Friday 11 February 2011

Fire & Snow

The grey winter light filters softly through the bedroom windows as I emerge reluctantly from my warm cocoon. It is Sunday, so there is no need for Mika and the kids to surface yet. I quietly don the work clothes I put on the chair beside the bed last night, the touch of the fabric cold against my skin. I walk through the children’s room to the studio, change into my heavy work boots and step through the studio doors into the stinging cold. My boots crunch across the snowy ground as I walk to the kiln shed, the snow flakes whispering as they fall. My breath billows in clouds of vapour and forms droplets of condensation on my moustache. The clock on the shelf says 7:30 am. The pyrometer display tells me it is -16C. I hope it is wrong.

The sulphurous smell of the freshly struck match is quickly replaced by the fragrance of burning spruce as I set light to the fronds and kindling I arranged in the dual fire mouths of the kiln last night. The fire crackles as the flame climbs hungrily from twig to branch, and when it is burning well I check the top of the chimney to make sure the fire is being drawn through the kiln properly. When the first of the wood starts to crumble into embers I place five pieces of wood, cross hatched, in each fire box. Twenty minutes have passed since I lit the kiln, the pyro reads 15C. Satisfied, I return to the house to light the kitchen stove and start cooking breakfast.

The wood stove heats up quickly, warming the kitchen and living room, and the family emerges one by one. One must never waste a hot oven, especially on a cold snowy day, so I make batch of scones. Every twenty minutes I go out to stoke the kiln, and by the time the scones are cooked the kiln and the oven are both reading 180c. Scones with lashings of blueberry jam and cream, cappuccino for Mika and me, warm milk and honey for the kids. I leave the washing up to the family and go out to tend the kiln.

The snow has stopped falling, the fire in the kiln pops and crackles, the rest of the world is still and hushed. The plum trees in the garden are just beginning to bloom, and the snow decorates the blossoms with crystal mantles. The kiln gets hungrier as it heats up, rising 100C per hour, and the stokes get closer together; every ten minutes, every five..

The tribe comes rushing from the house in full winter regalia, and amid shouts, bursts of laughter and flurries of snow balls, an igloo and a giant snowman arise in the garden. Happy and exhausted, the children return to the house for lunch. The kiln has reached 6ooC, and I begin to stoke on top of the fire grates. Now the firing starts to get busy, climbing three hundred degrees in half an hour. 700... 800... 900C, I adjust the damper and the kiln starts to reduce. Mika sends Sora out with a lunch tray. "Buta-don", simmered pork on rice, with vegetables and miso soup. We drink green tea from Yunomi Chawan as we talk.

The tea is hot, 85C, when it is poured into the Yunomi, and the porcelaineous clay holds the heat well. In the west, we fill our cups with tea or coffee and they are too hot to hold, which is why we invented handles. In Japan, however, a yunomi is used. "Yunomi Chawan" (湯呑茶碗) means "Tea Bowl for Hot Water", and yet it has no handle. It is not used the same way as a "Macha Chawan" (抹茶茶碗), which is for powdered green tea in the tea ceremony. Instead, it is filled from a small tea pot to two thirds, which leaves the top third cool enough to lift between the index finger and thumb. Once lifted, it's foot is rested on the upturned fingers of the left hand, and it is lifted to the lips with both hands.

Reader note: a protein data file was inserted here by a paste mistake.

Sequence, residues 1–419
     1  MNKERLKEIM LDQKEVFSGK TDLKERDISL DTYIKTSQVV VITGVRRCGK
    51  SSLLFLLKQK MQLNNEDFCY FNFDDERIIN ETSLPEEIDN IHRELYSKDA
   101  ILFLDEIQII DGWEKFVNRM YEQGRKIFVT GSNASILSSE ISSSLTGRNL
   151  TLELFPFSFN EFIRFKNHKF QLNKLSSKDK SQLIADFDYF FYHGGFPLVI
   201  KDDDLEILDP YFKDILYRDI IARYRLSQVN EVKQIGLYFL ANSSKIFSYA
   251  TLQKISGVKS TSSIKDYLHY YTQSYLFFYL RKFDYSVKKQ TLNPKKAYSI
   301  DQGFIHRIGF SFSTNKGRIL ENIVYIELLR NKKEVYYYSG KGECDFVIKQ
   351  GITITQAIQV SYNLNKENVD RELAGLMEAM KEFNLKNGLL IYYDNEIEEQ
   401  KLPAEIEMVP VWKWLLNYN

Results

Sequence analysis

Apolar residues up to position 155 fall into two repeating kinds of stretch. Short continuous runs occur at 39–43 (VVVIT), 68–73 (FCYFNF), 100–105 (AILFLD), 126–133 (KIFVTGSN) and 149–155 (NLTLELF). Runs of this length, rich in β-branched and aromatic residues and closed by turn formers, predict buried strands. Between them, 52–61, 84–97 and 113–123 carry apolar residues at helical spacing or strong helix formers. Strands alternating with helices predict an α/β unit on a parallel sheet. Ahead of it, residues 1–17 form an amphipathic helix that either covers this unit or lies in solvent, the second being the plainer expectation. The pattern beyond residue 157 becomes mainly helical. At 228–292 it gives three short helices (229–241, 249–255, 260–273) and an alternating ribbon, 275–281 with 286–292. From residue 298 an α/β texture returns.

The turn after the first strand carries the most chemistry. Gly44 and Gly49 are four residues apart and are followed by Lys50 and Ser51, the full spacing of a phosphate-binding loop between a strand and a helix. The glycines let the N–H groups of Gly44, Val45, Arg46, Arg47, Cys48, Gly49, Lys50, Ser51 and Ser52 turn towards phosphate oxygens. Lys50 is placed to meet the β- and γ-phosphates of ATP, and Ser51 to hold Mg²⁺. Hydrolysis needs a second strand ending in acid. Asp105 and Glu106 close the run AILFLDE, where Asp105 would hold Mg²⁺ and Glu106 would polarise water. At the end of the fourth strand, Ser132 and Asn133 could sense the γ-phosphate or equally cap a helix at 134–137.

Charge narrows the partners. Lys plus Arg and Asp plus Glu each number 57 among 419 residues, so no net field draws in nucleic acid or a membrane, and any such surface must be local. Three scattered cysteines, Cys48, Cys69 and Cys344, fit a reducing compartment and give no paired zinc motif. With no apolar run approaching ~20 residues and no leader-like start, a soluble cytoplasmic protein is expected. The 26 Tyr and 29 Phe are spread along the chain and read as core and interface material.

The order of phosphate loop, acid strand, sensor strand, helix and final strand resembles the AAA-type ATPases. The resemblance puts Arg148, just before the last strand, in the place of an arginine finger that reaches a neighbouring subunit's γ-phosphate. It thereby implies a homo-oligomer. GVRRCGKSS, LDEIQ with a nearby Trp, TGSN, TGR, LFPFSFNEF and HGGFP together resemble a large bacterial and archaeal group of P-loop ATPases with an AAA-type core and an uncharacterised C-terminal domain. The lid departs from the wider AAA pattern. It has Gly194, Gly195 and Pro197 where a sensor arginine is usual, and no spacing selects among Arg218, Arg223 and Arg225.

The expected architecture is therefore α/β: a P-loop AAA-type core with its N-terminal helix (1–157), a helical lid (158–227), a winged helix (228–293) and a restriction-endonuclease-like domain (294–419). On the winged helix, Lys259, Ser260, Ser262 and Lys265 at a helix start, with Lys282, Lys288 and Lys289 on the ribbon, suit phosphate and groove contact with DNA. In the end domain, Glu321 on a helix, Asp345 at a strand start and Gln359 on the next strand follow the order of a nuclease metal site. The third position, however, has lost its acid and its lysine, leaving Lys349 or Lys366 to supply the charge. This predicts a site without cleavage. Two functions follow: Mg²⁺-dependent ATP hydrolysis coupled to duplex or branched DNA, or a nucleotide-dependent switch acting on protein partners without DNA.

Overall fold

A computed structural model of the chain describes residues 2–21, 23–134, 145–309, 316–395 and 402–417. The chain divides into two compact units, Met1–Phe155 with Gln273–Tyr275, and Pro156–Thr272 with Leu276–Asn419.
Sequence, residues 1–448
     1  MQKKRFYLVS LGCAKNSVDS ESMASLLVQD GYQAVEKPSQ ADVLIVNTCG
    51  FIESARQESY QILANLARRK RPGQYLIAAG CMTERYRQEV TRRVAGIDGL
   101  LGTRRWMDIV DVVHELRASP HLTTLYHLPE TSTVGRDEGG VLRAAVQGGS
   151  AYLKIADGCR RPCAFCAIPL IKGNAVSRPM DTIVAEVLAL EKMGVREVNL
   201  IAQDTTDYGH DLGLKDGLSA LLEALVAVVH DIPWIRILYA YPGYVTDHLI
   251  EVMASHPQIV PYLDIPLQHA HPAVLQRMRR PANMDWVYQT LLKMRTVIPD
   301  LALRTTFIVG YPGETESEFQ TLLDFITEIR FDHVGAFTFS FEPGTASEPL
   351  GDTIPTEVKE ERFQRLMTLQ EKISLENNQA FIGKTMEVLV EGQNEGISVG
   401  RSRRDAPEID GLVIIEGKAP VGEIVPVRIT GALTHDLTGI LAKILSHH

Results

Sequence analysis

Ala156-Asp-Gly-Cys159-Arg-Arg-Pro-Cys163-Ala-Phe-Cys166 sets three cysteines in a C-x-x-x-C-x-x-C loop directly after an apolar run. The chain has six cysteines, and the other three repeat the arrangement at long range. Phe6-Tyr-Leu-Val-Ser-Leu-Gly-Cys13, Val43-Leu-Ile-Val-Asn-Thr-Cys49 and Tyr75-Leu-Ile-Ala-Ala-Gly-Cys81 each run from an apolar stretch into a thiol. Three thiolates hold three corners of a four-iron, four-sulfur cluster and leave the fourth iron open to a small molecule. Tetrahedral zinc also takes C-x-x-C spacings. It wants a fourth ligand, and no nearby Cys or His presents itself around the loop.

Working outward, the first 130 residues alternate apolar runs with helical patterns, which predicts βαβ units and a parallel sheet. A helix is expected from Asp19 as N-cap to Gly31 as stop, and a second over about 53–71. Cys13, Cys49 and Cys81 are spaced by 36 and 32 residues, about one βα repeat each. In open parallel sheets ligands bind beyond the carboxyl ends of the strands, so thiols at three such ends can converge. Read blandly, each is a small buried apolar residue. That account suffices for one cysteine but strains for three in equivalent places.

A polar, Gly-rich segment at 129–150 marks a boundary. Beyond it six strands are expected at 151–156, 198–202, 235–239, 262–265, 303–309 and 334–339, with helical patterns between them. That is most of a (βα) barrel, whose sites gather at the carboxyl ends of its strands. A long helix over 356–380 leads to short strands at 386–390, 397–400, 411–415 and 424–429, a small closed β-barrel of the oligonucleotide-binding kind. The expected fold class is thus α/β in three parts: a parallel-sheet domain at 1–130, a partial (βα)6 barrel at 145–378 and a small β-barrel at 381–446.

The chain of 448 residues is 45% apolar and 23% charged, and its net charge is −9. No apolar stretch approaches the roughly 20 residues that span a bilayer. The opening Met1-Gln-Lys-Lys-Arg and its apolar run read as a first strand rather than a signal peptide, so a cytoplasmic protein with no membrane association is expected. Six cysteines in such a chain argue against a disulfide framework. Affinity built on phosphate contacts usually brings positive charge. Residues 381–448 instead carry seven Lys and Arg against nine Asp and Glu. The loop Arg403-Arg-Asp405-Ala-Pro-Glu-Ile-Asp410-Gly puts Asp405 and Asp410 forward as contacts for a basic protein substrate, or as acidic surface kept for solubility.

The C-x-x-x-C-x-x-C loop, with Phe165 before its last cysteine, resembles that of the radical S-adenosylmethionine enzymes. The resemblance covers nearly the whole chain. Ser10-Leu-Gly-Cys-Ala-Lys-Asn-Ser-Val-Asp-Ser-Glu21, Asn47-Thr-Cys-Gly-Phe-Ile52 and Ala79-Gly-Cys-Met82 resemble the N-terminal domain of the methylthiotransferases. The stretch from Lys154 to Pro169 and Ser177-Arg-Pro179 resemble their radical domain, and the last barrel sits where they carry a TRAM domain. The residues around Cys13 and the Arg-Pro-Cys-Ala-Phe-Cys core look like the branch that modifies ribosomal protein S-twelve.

The Yunomi in this firing are designed with a change of direction at the two third mark, with a concave curve up to the rim which makes it easy to pick up with one hand. The foot is quite high, which protects the hand from the hot hip of the pot, and it's diameter is just nice to fit between the first and third joints of your fingers. Of course, people have different sized hands, and generally men's hands are larger than women's, so two sizes are made. They are called "Me-Oto" (夫婦), which means husband and wife, but the difference in size is for practical purposes, not social discrimination.

Sora sits with me as I fire the kiln, and we talk of many things. I explain to her about the trees using sunlight as energy to split the carbon dioxide in the air into carbon, which becomes the wood, and free oxygen which we need to breath. How, when I burn the wood, the flame releases the carbon and recombines it with oxygen to create energy and heat. How the hot, free carbon flows hungrily through the kiln, dragging oxygen from the materials in the clay, reducing them and changing their structure and colour. How everything in the universe is made of the same atoms, constantly combining, separating and recombining to become all the things around us, and that we are a part of that. That everything that is, always was, and always will be, it is merely changing form throughout eternity.

She is quiet for a while, as the heat of the kiln climbs and flames come blasting from the blow hole at the top of the door, like dragons tongues licking from the depths of the kiln.

"Dad," she says quietly, "What is Death?"

I look at her. "What do you think it is?" I ask.

"I don't know, really, that's why I'm asking you."

"Well," I say, smiling, "I think it's important to think about what life is first. Our bodies and all the atoms in them follow the same rules as the rest of the universe, so when we die, they change and become other things. Our spirit, our self, exists as surely as our bodies, does it not? The you that looks out through your eyes and sees the world and calls it beautiful is as real as the eyes that it looks through, but it cannot be measured. Yet it is, as much and no less as everything else that is, so how can it ever cease to be, if nothing else in the universe does?"

She nods slowly, a look of consideration on her face. The wind picks up and snow begins to fall once more. A flurry of snow flakes swirls into the kiln shed and a single flake sticks briefly to her cheek, before melting and running down to her chin like a tear drop.